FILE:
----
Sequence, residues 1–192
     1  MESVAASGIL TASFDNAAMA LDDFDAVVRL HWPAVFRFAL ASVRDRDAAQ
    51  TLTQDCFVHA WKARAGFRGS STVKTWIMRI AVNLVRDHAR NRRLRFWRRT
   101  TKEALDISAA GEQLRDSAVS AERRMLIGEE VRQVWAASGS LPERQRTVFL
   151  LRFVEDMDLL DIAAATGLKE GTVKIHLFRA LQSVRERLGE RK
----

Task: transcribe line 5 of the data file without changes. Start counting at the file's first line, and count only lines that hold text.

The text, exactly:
   151  LRFVEDMDLL DIAAATGLKE GTVKIHLFRA LQSVRERLGE RK